Some creative jobs may go away because of AI, but maybe they shouldn’t have been there in the first place, OpenAI’s CTO Mira Murati said, according to a Business Today article.

Mira Murati, CTO of OpenAI, (AFP)

Murati ignited a firestorm of a discussion with this remark during a recent visit to her alma mater, Dartmouth College, speaking on the future of artificial intelligence and its potential impact on society, at Dartmouth’s Thayer School of Engineering, according to the article.

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Murati’s remark touched upon a deeply sensitive area in an era of rapid technological advancement, with the prospect of AI automating tasks traditionally performed by humans, particularly within creative fields, which has raised concerns about job security and the future of work, the article read.

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Collaborate and create?

Murati highlighted the collaborative nature of AI tools like ChatGPT and DALL-E, suggesting that these technologies, rather than replacing human creativity, actually serve to enhance and expand it, providing new avenues for artistic expression and problem-solving, according to the article.

“It’s a tool, right?” she said. “I expect that we will actually collaborate with it and it’s going to make our creativity expand.”

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AI can teach

She also emphasized the potential for AI to democratise creativity, making it more accessible to individuals who might not have had the resources or training to pursue their creative aspirations in the past.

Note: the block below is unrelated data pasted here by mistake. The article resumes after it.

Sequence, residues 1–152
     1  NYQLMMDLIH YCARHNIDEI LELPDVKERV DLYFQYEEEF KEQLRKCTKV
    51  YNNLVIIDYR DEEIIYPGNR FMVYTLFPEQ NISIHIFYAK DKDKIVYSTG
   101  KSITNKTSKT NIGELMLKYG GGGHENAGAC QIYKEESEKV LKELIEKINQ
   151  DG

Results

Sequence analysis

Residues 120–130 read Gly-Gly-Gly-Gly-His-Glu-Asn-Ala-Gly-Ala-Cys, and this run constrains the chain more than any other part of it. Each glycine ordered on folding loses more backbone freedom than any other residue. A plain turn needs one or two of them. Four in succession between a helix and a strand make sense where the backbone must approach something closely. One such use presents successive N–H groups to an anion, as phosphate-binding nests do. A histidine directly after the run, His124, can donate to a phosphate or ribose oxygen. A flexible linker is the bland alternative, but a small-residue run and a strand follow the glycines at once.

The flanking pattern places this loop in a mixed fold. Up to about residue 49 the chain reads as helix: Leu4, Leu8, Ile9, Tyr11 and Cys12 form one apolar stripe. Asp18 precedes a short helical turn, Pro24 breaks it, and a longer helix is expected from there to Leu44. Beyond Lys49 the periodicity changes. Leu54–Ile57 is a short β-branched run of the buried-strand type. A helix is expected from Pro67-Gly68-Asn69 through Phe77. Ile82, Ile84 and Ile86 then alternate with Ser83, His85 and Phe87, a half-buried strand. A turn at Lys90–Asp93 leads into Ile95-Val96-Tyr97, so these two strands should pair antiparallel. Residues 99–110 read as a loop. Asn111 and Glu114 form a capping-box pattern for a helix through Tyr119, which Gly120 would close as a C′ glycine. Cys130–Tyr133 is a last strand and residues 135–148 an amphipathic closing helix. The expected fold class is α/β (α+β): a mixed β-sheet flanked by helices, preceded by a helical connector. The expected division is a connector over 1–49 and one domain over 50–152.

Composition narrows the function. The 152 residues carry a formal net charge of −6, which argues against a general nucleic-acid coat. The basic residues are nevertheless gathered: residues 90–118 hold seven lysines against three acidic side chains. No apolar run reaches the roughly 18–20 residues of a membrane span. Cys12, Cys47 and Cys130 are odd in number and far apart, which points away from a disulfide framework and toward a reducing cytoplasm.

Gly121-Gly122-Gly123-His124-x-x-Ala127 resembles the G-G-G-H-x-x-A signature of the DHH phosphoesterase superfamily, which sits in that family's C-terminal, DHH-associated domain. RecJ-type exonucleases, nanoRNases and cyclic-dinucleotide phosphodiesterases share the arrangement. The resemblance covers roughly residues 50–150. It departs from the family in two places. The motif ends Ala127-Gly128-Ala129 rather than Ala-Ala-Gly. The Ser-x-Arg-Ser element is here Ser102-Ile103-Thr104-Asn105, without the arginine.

“Whether it’s creating new designs, whether it’s coding, or writing an essay or concepts in topology,” she explained, “You can just learn about these things and interact with them in a much more intuitive way, and that expands your learning.”

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How to safely develop AI?

The discussion also delved into the ethics of AI development, with Murati acknowledging the importance of carefully managing AI systems, particularly as their capabilities advance, according to the article.

She stressed the need for a multi-stakeholder approach to regulation, involving collaboration between developers, policymakers, and the wider public, the article read.

She also highlighted the crucial role of organisations like OpenAI in driving research and proactively mitigating potential risks associated with AI.

“We’re thinking a lot about this,” she explained. “It’s definitely real that you will have AI systems that will have general capabilities, connect to the internet, talk to each other, agents connecting to each other and doing tasks together, or agents working with humans and collaborating seamlessly.”